2016 saw some very interesting innovations in logics from universities and research groups that are as intriguing as they are unconventional!

At Nexperia, we’re always looking to the future for innovations in digital logic. Everything from AI leaving being implemented into personal devices using the logic gates they have already, soft logic gates that use fluid instead of electricity, to the beginnings of tiny genetic computers. 2017 should have even more interesting developments! Let’s have a look at some of these research projects.



Machine learning has traditionally been bound to supercomputers due to the massive amounts of processing power required. Machine learning traditionally had to be run in serial because many calculations would be dependent on the results of previous calculations. Basically, computers would have to calculate one equation at a time, which requires a lot of processing power to work through in a timely manner. Although remote data centers can do these calculations quickly, they require internet connectivity.

The Allen Institute for Artificial Intelligence came up with a workaround that they call XNOR.ai. This was accomplished by essentially simplifying and rounding the mathematical operations that computers have to perform. XNOR.ai, named after the XNOR gate, uses the logic gates that are already in processors to carry out simpler operations that can be handled at the transistor level. The challenge at hand for the Allen Institute’s team was to frame complex mathematical operations into binary.

This was accomplished by giving the program an allowed margin of error. XNOR.ai sacrifices accuracy for efficiency and accessibility. It should be noted, however, that XNOR.ai isn’t the only program taking this approach, there are also programs like Scorchai. However, XNOR.ai’s open source approach makes it intriguing, and you can download the software on Github. It will be interesting to see the applications people come up with! You can see XNOR.ai in action in the video below.


The Octobot

Soft robotics is a new field, but it’s already drawing a lot of interest due to its potential applications. Traditionally, robots have been confined to metal bodies, making them not ideal for tasks that require a delicate touch. To get around this, researchers at Harvard and Caltech have developed the first autonomous, entirely soft robot nicknamed “The Octobot.” Just like an actual octopus, it has no hard components, making it a good fit for those delicate tasks.

The Octobot is made possible by microfluidic logic gates, which work like electronic logic gates, but transfer liquid fuel instead of electricity. So far, the team has managed to make AND and OR logic gates with the new technique. The technology has a long way to go before it’s seen in any consumer applications, but the potential should draw interest for years to come! You can find Caltech’s paper here, and you can watch Octobot in action in the video below.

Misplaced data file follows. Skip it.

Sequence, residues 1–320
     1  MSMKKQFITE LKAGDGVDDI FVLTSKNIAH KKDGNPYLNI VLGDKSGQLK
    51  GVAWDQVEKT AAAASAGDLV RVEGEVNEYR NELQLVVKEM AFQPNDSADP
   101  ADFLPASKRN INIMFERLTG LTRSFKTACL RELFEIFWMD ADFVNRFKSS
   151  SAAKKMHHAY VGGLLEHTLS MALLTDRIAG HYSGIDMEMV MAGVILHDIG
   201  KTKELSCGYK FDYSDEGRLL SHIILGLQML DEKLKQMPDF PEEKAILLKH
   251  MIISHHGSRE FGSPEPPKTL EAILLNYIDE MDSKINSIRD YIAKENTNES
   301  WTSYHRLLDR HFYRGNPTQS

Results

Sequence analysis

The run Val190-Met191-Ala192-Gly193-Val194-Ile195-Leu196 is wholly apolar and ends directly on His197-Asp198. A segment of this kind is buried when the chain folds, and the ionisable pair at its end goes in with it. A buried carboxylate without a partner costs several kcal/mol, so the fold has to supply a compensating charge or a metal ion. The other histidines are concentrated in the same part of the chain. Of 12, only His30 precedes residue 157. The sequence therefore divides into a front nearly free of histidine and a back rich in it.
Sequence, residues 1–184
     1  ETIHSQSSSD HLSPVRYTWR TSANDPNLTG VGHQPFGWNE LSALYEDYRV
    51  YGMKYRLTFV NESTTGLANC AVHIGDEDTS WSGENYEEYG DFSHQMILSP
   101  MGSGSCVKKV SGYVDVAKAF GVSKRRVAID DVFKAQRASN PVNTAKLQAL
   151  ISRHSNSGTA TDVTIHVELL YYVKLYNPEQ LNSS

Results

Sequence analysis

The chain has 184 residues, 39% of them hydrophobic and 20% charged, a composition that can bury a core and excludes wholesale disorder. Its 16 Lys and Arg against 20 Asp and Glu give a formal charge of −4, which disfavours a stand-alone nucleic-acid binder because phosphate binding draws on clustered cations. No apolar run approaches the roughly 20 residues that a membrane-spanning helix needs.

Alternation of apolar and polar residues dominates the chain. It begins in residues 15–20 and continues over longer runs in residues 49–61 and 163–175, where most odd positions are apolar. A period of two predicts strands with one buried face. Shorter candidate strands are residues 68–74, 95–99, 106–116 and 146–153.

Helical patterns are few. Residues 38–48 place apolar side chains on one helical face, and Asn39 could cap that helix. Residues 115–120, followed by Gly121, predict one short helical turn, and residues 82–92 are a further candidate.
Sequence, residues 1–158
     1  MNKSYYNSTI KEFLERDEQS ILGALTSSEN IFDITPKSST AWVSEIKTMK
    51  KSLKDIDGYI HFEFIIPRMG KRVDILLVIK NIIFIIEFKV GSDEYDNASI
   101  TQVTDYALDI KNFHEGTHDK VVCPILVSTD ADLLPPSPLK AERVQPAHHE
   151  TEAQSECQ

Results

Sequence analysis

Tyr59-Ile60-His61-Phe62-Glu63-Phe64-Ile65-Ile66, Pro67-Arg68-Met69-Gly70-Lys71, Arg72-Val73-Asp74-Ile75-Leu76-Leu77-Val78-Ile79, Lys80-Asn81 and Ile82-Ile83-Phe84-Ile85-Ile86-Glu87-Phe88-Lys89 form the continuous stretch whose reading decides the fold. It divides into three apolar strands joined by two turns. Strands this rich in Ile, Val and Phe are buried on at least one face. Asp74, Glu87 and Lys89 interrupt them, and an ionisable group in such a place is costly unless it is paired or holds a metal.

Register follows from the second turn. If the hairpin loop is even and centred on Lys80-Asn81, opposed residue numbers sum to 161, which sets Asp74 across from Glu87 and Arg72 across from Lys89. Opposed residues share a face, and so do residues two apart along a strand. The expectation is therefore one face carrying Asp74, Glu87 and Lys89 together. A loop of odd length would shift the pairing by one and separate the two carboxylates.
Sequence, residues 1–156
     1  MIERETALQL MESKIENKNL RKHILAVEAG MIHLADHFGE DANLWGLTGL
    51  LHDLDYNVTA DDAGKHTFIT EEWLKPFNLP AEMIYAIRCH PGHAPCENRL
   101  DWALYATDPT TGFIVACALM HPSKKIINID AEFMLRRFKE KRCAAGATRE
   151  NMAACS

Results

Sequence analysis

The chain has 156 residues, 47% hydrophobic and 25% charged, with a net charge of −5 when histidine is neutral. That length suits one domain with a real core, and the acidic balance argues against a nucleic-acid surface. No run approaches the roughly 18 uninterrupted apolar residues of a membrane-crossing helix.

Duke University’s Analog DNA Computers

It may sound like science fiction, but the first logic gates with synthetic molecules were actually designed in the early 1990’s. Recently, the technology has taken some interesting leaps. Unlike digital circuits that use currents and voltages to represent inputs and outputs, DNA computers utilize concentrations of different DNA strands as signals. One big hang up for this technology was that DNA was often thought of as digital data, similar to the binary codes used by computers. The goal of DNA computing was to make tiny devices that could fit in the bloodstream and diagnose dangerous chemicals linked to diseases. However, the furthest the researchers got with digital DNA computing was making simple functions like calculating square roots and playing tic-tac-toe.


Professor John Reif and grad student Tianqi Song making DNA computers in test tubes. Courtesy of Duke University


Researchers at Duke University worked around this by taking an analog approach. Since devices that can fit in the bloodstream are so small, they could only get basic on and off states. Unfortunately, diagnosing atypical chemicals linked to diseases like cancer required more complex functionality. The team at Duke thinks that their analog approach will allow DNA circuits to calculate more complex functions like logarithms and exponentials. The circuits accomplish this by adding, subtracting, and multiplying as molecules form and break bonds. This technology is still very much in its infancy, so designating them as hype is a fair assessment. However, the potential benefits make this technology intriguing nonetheless.


What Will 2017 Bring?

It’s interesting to see that logic gates are going beyond the realm of electronics. Whether logic gates are applied to new fields that nobody has thought of yet, or advances in software allow us to get even more use out of the digital logic gates we have now, it should be a fun ride!


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